Choice behavior, accuracy, and premature responses.

The muscarinic acetylcholine receptor (mAChR) antagonist scopolamine decreased all animals’ choice of HR (Figure 3a; dose: F3,66 = 4.052, p = 0.011; dose×group: F3,66 = 1.393, NS; group: F1,22 = 27.043, p<0.001). When examined separately, scopolamine decreased workers’ HR choice (dose: F3,30 = 4.927, p = 0.007; saline vs 0.3 mg/kg–dose: F1,10 = 11.971, p = 0.006; saline vs 0.03 mg/kg/saline vs 0.1 mg/kg: all Fs<2.871, NS) but had no effect on slackers’ choice (dose: F3,36 = 0.526, NS). The drug had no effect on animals’ accuracy or premature responding (Figure 3b–c; dose/dose×group/choice×dose/choice×dose×group/LR only/HR only: all Fs<2.417, NS).

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Figure 3. Muscarinic drug challenges during the rCET.

(A) The muscarinic acetylcholine receptor (mAChR) antagonist scopolamine decreased all animals’ choice of HR. When examined separately, scopolamine decreased workers’ HR choice but had no effect on slackers’ choice. (B, C) The drug had no effect on animals’ accuracy or premature responding. (D, E) The mAChR agonist oxotremorine had no effect on animals’ choice or accuracy. (F) Oxotremorine did, however, decrease premature responding for all animals across both trial types.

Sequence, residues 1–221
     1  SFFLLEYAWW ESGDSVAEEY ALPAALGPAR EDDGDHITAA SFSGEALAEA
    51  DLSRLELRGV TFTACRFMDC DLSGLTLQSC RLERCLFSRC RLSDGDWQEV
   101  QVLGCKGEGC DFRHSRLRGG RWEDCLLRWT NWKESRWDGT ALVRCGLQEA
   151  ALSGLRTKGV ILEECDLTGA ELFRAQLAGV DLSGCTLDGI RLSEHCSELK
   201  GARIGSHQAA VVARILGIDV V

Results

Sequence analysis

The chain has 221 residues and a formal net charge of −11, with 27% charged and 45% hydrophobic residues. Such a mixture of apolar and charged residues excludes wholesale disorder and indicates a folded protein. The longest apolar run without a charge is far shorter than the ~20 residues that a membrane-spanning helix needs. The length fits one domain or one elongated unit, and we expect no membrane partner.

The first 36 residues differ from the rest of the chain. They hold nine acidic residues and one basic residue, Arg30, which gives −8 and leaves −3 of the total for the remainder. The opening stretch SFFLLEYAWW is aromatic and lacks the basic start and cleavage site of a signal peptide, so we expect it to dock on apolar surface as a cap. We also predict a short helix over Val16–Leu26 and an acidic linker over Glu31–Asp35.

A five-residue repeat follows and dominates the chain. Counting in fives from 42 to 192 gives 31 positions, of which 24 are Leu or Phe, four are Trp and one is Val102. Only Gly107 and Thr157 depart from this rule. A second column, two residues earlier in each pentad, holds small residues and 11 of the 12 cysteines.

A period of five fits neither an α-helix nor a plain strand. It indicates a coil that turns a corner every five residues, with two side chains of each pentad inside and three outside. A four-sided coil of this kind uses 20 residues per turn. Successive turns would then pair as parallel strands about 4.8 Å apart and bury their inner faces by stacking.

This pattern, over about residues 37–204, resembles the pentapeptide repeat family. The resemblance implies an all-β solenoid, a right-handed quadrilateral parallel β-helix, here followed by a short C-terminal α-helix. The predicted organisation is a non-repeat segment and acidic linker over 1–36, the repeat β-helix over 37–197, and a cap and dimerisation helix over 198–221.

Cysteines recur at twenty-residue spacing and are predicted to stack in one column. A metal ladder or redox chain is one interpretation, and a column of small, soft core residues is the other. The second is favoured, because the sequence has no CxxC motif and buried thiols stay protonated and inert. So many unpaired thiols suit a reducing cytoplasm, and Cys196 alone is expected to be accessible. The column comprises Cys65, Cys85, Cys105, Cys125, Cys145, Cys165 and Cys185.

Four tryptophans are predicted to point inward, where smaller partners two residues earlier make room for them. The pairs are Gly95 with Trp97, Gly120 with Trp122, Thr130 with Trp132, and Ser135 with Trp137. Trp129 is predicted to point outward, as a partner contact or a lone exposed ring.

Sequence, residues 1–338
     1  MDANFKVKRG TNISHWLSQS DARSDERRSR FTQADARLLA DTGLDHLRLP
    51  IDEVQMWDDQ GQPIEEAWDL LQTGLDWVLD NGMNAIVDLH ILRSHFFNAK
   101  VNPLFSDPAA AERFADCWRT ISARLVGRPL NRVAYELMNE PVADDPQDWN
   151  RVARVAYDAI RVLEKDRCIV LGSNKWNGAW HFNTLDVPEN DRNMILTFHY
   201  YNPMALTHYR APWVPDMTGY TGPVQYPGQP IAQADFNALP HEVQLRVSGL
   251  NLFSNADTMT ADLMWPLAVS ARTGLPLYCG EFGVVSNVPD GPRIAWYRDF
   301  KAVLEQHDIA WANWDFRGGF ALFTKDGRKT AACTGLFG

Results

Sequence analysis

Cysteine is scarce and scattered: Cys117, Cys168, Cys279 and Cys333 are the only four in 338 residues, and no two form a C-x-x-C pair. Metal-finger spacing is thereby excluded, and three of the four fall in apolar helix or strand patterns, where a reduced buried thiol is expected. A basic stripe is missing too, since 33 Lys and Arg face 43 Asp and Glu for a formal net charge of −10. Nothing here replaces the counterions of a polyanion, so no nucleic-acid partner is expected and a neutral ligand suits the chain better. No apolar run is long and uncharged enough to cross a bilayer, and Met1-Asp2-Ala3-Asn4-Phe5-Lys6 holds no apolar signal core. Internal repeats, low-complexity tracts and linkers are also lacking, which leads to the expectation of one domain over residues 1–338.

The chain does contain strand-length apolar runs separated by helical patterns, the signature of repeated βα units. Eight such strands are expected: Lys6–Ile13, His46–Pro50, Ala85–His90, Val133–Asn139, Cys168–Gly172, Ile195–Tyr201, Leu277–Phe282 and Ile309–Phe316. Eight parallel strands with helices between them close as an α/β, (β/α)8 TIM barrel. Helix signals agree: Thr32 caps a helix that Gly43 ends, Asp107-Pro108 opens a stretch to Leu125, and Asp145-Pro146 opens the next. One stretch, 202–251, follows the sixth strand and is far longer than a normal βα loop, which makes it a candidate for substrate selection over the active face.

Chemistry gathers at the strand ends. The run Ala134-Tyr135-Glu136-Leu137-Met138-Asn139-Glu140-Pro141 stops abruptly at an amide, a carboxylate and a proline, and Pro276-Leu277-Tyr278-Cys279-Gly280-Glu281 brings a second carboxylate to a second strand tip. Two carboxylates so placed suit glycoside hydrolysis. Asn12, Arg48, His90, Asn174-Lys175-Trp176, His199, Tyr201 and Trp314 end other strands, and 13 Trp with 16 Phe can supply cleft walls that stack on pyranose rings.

https://doi.org/10.1371/journal.pone.0111580.g003

Other behavioral measures.

Scopolamine had an inverted-U-shaped effect on the time taken to choose between LR and HR levers/options, with the lowest dose lengthening choice latency (dose: F3,66 = 4.843, p = 0.004; dose×group/choice×dose/choice×dose×group: all Fs<1.437, NS; saline vs 0.03 mg/kg–dose: F1,22 = 7.051, p = 0.014; 0.03 mg/kg vs 0.3 mg/kg–dose: F1,22 = 10.727, p = 0.003; 0.03 mg/kg vs 0.1 mg/kg–dose: F1,22 = 3.826, p = 0.063; saline vs 0.1 mg/kg/saline vs 0.3 mg/kg: all Fs<2.961, NS). Scopolamine also significantly lengthened all animals’ correct latency (dose: F3,66 = 7.255, p = 0.004; choice×dose: F3,66 = 3.097, p = 0.066; LR only–dose: F3,66 = 9.153, p = 0.002; HR only/dose×group/choice×dose×group: all Fs<1.469, NS) but had no effect on collection latency (dose/dose×group/choice×dose/choice×dose×group: all Fs<1.166, NS). The drug significantly increased both response omissions (dose: F3,66 = 47.154, p<0.001; dose×group: F3,66 = 2.805, p = 0.046; slackers only/workers only–dose: all Fs>13.879, p<0.001; choice×dose/choice×dose×group: all Fs<0.938, NS) and choice omissions (dose: F3,66 = 26.830, p<0.001; dose×group: F3,66 = 1.353, NS) and profoundly decreased all animals’ completed trials by over 65% (dose: F3,66 = 121.079, p<0.001; dose×group: F3,66 = 0.467, NS).